Body:

Regionalism in India:

  • Roots of regionalism is in India’s manifold diversity of languages, cultures, ethnic groups, communities, religions and so on, and encouraged by the regional concentration of those identity markers, and fuelled by a sense of regional deprivation.
  • For many centuries, India remained the land of many lands, regions, cultures and traditions.
  • For instance, southern India (the home of Dravidian cultures), which is itself a region of many regions, is evidently different from the north, the west, the central and the north-east.
  • Even the east of India is different from the North-East of India comprising today seven constituent units of Indian federation with the largest concentration of tribal people.

Factors responsible for Regionalism: A host of factors ranging from Geographical, Historical, Linguistic, Religious, political, Economic and Ethnic factors influence the Regionalism in India.

Regionalism and Federalism:

  • The role played by Indian federalism in ensuring India’s unity, stability and survival as a polity in the face of persistent regionalism, often verging on separation, rooted in manifold and complex social and cultural diversity, and mass poverty, illiteracy, extreme regional unevenness in development, and widespread inequality.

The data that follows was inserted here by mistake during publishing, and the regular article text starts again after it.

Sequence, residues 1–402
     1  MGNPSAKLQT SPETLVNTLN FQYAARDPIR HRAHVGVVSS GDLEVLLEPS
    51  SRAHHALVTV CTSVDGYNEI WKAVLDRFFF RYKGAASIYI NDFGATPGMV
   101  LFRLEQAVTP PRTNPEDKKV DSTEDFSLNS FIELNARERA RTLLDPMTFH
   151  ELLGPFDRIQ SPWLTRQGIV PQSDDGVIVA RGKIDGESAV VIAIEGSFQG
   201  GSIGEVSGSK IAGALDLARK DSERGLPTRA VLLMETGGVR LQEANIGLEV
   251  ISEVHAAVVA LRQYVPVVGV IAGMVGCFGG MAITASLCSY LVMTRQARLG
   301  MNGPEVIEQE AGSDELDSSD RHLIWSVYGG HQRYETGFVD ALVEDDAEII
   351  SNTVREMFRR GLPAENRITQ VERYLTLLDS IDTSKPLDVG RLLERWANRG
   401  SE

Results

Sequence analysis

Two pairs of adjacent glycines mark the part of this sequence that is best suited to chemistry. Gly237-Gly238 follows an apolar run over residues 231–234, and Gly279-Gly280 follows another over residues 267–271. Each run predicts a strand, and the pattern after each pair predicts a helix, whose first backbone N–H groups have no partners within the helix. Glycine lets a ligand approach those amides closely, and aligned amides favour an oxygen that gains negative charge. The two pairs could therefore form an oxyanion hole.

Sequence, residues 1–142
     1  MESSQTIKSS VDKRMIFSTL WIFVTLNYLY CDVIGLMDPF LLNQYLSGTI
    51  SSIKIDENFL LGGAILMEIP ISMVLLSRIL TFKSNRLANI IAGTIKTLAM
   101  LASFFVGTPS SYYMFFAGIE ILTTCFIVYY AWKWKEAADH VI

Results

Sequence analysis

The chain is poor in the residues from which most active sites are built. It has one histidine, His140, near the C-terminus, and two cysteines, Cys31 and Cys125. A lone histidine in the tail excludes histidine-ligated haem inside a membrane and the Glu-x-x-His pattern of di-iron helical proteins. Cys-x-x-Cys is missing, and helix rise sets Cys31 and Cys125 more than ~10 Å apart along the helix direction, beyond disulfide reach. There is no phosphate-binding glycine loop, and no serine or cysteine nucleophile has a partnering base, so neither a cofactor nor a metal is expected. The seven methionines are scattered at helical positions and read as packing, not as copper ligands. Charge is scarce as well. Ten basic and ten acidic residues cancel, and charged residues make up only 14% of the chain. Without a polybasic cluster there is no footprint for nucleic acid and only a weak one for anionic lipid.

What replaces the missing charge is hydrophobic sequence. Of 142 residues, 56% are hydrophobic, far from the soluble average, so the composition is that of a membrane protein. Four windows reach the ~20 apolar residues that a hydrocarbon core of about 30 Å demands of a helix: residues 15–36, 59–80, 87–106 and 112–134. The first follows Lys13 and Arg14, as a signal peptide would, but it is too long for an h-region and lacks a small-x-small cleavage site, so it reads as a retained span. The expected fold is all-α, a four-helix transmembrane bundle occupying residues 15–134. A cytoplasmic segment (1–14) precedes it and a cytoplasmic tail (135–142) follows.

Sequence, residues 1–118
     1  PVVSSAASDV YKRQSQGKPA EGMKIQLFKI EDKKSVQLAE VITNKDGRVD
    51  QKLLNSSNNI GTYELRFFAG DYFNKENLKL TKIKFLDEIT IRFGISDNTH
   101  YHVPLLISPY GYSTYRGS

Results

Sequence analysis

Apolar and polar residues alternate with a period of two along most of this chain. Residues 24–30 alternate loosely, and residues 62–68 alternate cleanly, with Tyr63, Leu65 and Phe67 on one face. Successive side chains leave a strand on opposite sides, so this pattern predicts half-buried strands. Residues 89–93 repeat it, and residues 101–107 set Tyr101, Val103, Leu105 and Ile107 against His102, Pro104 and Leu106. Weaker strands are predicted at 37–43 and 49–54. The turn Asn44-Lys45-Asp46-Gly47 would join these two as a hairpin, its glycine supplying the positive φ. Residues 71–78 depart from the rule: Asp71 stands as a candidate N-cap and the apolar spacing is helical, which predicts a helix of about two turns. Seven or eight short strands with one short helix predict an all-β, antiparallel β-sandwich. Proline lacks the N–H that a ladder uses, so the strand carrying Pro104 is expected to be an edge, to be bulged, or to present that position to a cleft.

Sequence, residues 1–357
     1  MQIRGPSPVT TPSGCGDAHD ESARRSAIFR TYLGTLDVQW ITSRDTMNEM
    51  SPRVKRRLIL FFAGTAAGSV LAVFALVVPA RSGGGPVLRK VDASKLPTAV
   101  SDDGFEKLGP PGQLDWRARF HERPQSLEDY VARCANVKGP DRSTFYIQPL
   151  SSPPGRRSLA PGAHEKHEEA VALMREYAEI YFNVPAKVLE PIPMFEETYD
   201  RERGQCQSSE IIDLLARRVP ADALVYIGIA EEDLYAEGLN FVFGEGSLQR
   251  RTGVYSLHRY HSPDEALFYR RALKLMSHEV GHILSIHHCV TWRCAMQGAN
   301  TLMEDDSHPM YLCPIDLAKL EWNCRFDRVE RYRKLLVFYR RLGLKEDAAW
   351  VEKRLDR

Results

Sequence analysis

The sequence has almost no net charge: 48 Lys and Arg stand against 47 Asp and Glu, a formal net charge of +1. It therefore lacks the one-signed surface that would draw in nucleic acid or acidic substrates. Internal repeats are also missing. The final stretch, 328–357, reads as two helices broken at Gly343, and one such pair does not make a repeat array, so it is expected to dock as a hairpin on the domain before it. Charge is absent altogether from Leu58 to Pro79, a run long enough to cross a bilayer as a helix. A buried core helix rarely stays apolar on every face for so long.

• The question has assumed special significance in the aftermath of the disintegration of the multi-ethnic and multinational Soviet Union, and the split up of the Federal Republic of Yugoslavia.
  • The need for federalism is enhanced in countries with ethnically distinct regions where the territorial accommodation of distinct groups of people is of paramount importance.
  • For those countries, a combination of shared rule (for general purposes of unity) and some kind of self-rule (for regional/local purposes of diversity) is a must if unity and integrity are to be maintained.
  • Indian federalism is seen as a method of accommodation of regionalism in India.
  • Federalism is seen here as a political equilibrium, which results from the appropriate balance between shared rule and self-rule.